US6615295 *Dec 26, 2000Sep 2, 2003Hewlett-Packard Development Company, L.P.Relaxed read completion ordering in a system using transaction order queue
US6647454 *Sep 25, 2000Nov 11, 2003Intel CorporationData transfer through a bridge
US8425024 *Aug 26, 2011Apr 23, 2013Canon Kabushiki KaishaLiquid ejection apparatus and printing apparatus
US20020083189 *Dec 27, 2000Jun 27, 2002Connor Patrick L.Relay of a datagram
Non-Patent Citations
Reference
1 *Krishnamoorthy Prakash, "An Attempt to Completely Utilize the Bandwidth Capability of PCI-X 133 MHz Devices in a 66 MHz PCI-X Local Bus", 2000, High Performance Computing in the Asia-Pacific Region, 2000. Proceedings. The 4th International Conference.
2 *Laverty Nwaekwe and Syeed Chowdhury, "PCI-X boosts bus bandwidth to 1 Gbps", May 2000, EDN magazine, http://www.ednmag.com.*
3 *Morris Mano, "Computer System Archetecture", Prentice-Hall, Inc., 2nd Ed., pp497-499.*
4 *PCI-SIG, "PCI-X Addendum t the PCI Local Bus Specification", Sep. 1999, PCI-SIG, pp2227, 40-41, 77-78.*
Referenced by
Citing PatentFiling datePublication dateApplicantTitle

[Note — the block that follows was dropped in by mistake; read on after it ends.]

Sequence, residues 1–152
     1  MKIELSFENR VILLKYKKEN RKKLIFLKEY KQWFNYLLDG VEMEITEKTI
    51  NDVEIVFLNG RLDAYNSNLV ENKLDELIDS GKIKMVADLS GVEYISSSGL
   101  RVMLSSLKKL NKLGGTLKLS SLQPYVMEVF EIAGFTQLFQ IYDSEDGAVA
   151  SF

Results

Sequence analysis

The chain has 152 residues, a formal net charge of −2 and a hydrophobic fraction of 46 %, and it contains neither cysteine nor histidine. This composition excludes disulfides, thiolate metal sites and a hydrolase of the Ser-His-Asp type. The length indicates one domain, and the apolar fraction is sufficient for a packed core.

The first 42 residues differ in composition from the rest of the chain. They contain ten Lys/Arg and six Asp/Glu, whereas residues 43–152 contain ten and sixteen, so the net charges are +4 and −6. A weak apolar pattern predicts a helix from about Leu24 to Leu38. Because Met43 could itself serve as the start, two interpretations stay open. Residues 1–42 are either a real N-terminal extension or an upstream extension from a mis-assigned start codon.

US7600058Dec 1, 2003Oct 6, 2009Nvidia CorporationBypass method for efficient DMA disk I/O
US8356128Sep 16, 2008Jan 15, 2013Nvidia CorporationMethod and system of reducing latencies associated with resource allocation by using multiple arbiters
US8356142Nov 12, 2003Jan 15, 2013Nvidia CorporationMemory controller for non-sequentially prefetching data for a processor of a computer system
US8356143Oct 22, 2004Jan 15, 2013NVIDIA CorporatinPrefetch mechanism for bus master memory access
US8370552Oct 14, 2008Feb 5, 2013Nvidia CorporationPriority based bus arbiters avoiding deadlock and starvation on buses that support retrying of transactions
US8386648Dec 1, 2003Feb 26, 2013Nvidia CorporationHardware support system for accelerated disk I/O
US8595394Dec 1, 2003Nov 26, 2013Nvidia CorporationMethod and system for dynamic buffering of disk I/O command chains
US8683132Sep 29, 2003Mar 25, 2014Nvidia CorporationMemory controller for sequentially prefetching data for a processor of a computer system
US8694688Dec 28, 2007Apr 8, 2014Nvidia CorporationDisk controller for implementing efficient disk I/O for a computer system
US8698823Apr 8, 2009Apr 15, 2014Nvidia CorporationSystem and method for deadlock-free pipelining